Menlo-Atherton High School is eliminating zero period this fall to create a schedule in which all students start at the same time. The effect is that class will actually start earlier for the roughly 80% of students who didn't take zero period.

For about the past six years, Menlo-Atherton has had a six-period day, with a zero period in the morning at either 7:50 a.m. or 8 a.m. for students enrolled in seven classes. That meant students without a zero period arrived between 8:55 a.m. and 9:30 a.m., depending on the day.

Starting this fall, everyone will start school five days a week at 8:30 a.m. The zero period was replaced with a seventh period after school, which runs until 3:45 p.m.

"Consistency for start time and lunch time will help with kids forming a better routine," Principal Karl Losekoot said. "For kids on a seven-period day, I have heard they are excited to start a little bit later. Some are anxious. They didn't want the day to go later than 3:45."

This article is part of a larger story, "To combat teens' sleep deprivation, California schools must start their days later."

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Zoe Morgan is a staff writer for the Palo Alto Weekly and Mountain View Voice. Angela Swartz is a staff writer for The Almanac. Leah Worthington is a staff writer for the Redwood City Pulse.

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Local school districts take divergent views on the controversial zero period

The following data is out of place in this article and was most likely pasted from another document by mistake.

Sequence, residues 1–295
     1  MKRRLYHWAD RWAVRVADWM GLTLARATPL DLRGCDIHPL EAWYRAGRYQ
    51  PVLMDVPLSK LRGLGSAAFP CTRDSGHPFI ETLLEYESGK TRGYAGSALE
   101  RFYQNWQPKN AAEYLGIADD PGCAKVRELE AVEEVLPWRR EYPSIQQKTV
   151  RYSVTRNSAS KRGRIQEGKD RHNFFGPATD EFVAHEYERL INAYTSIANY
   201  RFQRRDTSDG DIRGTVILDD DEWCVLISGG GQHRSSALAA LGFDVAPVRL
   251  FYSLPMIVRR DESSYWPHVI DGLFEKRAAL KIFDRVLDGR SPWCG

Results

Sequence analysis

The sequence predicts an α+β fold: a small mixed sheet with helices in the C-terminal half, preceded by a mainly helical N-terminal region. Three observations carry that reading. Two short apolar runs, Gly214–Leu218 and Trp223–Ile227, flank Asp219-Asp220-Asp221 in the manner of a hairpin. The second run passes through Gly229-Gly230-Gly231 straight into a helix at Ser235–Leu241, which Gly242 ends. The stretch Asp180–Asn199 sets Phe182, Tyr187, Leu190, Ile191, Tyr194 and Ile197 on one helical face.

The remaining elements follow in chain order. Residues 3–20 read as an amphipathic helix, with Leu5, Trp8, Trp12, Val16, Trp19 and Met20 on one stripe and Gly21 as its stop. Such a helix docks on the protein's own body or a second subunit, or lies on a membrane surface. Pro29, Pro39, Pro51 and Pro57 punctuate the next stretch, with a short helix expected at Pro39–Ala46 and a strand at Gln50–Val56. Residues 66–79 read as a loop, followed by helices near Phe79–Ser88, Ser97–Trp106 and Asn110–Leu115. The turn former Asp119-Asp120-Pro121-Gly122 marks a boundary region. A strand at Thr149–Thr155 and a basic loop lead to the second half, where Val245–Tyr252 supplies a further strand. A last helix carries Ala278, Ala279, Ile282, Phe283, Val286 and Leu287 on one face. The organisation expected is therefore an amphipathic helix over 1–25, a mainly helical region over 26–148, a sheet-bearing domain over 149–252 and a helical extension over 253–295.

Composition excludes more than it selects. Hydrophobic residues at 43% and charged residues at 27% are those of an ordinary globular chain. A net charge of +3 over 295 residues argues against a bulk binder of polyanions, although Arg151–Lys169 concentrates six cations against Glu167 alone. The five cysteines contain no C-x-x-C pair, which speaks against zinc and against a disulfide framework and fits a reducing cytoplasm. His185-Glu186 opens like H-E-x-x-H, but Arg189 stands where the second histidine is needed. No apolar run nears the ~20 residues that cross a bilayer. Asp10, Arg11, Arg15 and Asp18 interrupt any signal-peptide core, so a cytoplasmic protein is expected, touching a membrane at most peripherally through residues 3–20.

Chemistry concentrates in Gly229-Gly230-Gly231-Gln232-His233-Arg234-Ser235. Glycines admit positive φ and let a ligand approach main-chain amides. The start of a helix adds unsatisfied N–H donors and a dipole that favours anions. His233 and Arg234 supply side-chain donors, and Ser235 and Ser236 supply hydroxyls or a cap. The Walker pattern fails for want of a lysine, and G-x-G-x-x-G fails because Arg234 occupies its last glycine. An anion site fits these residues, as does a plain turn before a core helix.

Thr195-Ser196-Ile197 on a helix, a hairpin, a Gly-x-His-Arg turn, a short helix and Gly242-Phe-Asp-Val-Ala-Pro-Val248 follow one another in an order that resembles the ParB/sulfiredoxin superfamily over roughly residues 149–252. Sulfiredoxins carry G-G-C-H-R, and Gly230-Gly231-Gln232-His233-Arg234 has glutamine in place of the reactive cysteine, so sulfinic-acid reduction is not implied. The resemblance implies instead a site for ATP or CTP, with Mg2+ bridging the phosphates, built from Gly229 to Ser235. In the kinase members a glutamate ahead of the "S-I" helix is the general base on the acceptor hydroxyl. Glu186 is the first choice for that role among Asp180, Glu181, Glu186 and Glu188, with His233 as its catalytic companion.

Some see advantages to early-morning offerings, others consider it antithetical to later start times

by Zoe Morgan, Angela Swartz and Leah Worthington / Embarcadero Media

Uploaded: Fri, Aug 12, 2022, 6:58 am
Updated: Mon, Aug 15, 2022, 8:53 am

Under the new state law mandating later school start times, high schools can still offer a period that starts before 8:30 a.m., known as "zero" period. But the classes must be for a limited number of students and the period can't be used to calculate a school's average daily attendance for the purpose of receiving state funding.

Schools throughout the Peninsula are taking divergent approaches to the period that has in the past stirred controversy, with some administrators seeing the advantages of offering additional courses and others viewing it as antithetical to the spirit of later start times.

According to Associate Superintendent of Educational Services Teri Faught, the Mountain View Los Altos Union High School District opted to eliminate its zero period when it made the shift to later start times several years ago because administrators believed having zero period as an option would make some students feel academic pressure to enroll in another class.

"Honestly, we felt like it was opening a window of students getting into a situation where they're sacrificing their sleep," she said.

Sequoia High School senior Helena Landels agrees that zero period runs counter to teens' natural sleep needs.

"The sleep deprivation in the zero period classes was just, like, ridiculous," she said.

Nearly half the students in her morning period were regularly absent, she said, adding that between going to class and sleeping in, many would choose the latter.